Implications of Mental Health Comorbidity and Rural Residence for Health Care Use Patterns of Individuals with Chronic Disease
This study will use the 2005-2010 Medical Expenditure Panel Survey to compare the prevalence of concurrent mental health and cardiometabolic illnesses across rural and urban populations and to describe relationships among comorbidity, residence, and healthcare utilization. Multivariate models will be employed to determine whether and how the effects of rural residence and psychiatric comorbidity interact to influence the health use patterns of adults with cardiometabolic disease.
Research findings indicate that patients with comorbid psychiatric and cardio-metabolic conditions experience worse healthcare access and outcomes than those with either condition alone, and that service models integrating behavioral health and primary care can help to reduce these disparities. Given recent private and public sector interest in behavioral health/primary care integration this project will provide critical information to policymakers, health plans, healthcare providers, and community organizations about the needs of this dually vulnerable population. More specifically, the study will indicate whether rural populations with comorbidities are at higher risk for access problems, and whether they should therefore be prioritized in public and private efforts to promote mental health/primary care integration.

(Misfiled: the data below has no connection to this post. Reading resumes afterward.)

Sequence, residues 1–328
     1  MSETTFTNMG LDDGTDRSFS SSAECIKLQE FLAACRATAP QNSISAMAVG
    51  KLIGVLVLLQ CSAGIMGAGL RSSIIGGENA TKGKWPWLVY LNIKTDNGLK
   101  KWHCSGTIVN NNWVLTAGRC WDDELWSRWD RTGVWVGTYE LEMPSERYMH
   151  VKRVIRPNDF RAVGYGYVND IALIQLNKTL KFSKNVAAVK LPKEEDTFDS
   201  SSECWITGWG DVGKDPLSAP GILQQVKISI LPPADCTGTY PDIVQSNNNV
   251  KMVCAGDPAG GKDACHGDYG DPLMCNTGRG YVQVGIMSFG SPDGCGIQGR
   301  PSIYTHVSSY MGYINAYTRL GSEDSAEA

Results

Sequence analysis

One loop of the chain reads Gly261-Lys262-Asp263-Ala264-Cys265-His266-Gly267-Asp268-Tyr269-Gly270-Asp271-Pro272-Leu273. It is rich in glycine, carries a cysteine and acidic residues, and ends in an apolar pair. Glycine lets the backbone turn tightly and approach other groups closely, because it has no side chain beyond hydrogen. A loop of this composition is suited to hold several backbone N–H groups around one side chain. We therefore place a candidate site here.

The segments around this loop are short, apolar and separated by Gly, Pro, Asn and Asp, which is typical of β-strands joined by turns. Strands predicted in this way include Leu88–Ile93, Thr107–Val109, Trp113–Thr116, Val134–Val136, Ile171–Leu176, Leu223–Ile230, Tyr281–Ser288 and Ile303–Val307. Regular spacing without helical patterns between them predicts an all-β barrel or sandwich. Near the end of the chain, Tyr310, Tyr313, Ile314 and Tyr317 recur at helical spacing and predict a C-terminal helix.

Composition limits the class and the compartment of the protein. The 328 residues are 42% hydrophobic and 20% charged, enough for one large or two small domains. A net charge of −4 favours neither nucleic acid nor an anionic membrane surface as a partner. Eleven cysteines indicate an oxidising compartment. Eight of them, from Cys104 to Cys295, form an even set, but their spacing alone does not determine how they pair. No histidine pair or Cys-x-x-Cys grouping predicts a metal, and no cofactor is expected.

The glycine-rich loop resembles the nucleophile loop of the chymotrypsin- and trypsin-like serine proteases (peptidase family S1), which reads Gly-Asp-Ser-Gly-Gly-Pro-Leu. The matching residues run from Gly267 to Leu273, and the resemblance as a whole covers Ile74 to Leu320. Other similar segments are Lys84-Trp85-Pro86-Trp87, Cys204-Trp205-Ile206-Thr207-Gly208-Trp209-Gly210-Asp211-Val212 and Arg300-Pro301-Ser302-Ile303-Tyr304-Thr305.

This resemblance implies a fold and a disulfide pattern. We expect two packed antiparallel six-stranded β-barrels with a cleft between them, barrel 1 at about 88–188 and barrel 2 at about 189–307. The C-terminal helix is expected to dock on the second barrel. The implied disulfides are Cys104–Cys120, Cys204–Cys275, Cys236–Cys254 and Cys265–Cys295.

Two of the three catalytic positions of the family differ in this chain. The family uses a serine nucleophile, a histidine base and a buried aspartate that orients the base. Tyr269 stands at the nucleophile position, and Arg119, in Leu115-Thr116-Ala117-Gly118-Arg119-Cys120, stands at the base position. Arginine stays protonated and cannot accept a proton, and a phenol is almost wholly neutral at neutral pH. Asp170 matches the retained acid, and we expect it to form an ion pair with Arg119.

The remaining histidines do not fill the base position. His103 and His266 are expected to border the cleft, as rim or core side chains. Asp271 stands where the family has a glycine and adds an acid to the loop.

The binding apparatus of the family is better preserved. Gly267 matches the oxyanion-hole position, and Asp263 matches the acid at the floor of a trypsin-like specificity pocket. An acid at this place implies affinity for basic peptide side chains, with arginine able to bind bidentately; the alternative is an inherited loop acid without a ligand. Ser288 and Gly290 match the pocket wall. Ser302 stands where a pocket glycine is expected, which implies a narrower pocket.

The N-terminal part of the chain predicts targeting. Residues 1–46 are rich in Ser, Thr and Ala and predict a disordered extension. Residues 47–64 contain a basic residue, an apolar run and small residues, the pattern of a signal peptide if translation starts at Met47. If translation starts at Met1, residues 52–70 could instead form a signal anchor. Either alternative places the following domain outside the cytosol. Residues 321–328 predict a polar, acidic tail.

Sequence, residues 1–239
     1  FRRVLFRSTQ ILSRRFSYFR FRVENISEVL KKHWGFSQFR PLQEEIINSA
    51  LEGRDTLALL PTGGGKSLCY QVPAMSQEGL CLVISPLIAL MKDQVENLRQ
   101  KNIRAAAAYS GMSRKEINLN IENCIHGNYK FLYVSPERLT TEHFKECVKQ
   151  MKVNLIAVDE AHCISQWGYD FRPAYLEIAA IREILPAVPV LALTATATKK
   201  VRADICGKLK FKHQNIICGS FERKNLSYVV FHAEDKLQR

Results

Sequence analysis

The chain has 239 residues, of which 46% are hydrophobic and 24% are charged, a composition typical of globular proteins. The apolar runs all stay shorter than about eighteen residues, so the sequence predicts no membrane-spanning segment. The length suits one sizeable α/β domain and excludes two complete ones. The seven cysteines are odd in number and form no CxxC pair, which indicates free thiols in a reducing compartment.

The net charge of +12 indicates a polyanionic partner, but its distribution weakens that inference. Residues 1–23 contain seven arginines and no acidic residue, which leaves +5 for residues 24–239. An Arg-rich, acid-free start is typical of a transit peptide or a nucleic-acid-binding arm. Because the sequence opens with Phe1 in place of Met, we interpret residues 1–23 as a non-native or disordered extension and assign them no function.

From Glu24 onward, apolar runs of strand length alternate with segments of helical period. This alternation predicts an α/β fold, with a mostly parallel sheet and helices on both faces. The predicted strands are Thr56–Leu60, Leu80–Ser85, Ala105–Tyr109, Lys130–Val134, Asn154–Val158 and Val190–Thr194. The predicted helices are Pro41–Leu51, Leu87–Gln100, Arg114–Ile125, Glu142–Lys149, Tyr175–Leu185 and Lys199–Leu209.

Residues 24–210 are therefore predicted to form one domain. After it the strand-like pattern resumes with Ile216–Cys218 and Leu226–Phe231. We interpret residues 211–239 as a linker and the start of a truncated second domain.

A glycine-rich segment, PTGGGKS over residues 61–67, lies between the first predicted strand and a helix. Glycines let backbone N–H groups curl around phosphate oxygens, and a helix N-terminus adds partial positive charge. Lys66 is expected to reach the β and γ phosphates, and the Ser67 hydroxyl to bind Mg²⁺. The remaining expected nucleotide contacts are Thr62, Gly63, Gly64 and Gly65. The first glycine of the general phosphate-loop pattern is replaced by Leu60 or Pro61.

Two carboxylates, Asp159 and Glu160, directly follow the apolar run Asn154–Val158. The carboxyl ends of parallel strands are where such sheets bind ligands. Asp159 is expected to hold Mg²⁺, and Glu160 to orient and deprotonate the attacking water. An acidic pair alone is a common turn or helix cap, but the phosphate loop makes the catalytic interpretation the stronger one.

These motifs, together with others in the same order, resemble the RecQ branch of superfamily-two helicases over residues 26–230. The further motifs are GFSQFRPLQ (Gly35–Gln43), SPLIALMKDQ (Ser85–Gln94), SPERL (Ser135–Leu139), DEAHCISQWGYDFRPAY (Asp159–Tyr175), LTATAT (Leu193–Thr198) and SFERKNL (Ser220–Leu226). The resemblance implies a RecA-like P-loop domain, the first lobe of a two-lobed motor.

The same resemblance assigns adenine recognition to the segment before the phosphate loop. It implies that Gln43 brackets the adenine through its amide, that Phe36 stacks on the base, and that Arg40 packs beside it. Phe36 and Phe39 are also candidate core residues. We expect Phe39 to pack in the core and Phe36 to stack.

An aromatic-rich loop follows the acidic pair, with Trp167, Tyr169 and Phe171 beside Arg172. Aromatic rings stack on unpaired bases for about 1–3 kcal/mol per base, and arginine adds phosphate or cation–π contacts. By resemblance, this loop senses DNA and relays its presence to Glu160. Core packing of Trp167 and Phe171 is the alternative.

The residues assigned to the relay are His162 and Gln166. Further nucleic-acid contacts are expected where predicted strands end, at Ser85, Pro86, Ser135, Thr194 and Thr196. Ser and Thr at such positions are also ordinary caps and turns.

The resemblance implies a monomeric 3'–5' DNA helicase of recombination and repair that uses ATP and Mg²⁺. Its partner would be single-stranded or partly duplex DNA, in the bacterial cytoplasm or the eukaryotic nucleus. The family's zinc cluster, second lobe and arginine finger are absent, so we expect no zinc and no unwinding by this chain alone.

Implications of Rurality and Psychiatric Status for Diabetic Preventive Care Use Among Adults With Diabetes
Maine Rural Health Research Center
This brief examines patterns of diabetic preventive care use among adults with diabetes to determine whether these patterns vary according to respondents' rural/urban residence or the presence/absence of a mental health diagnosis.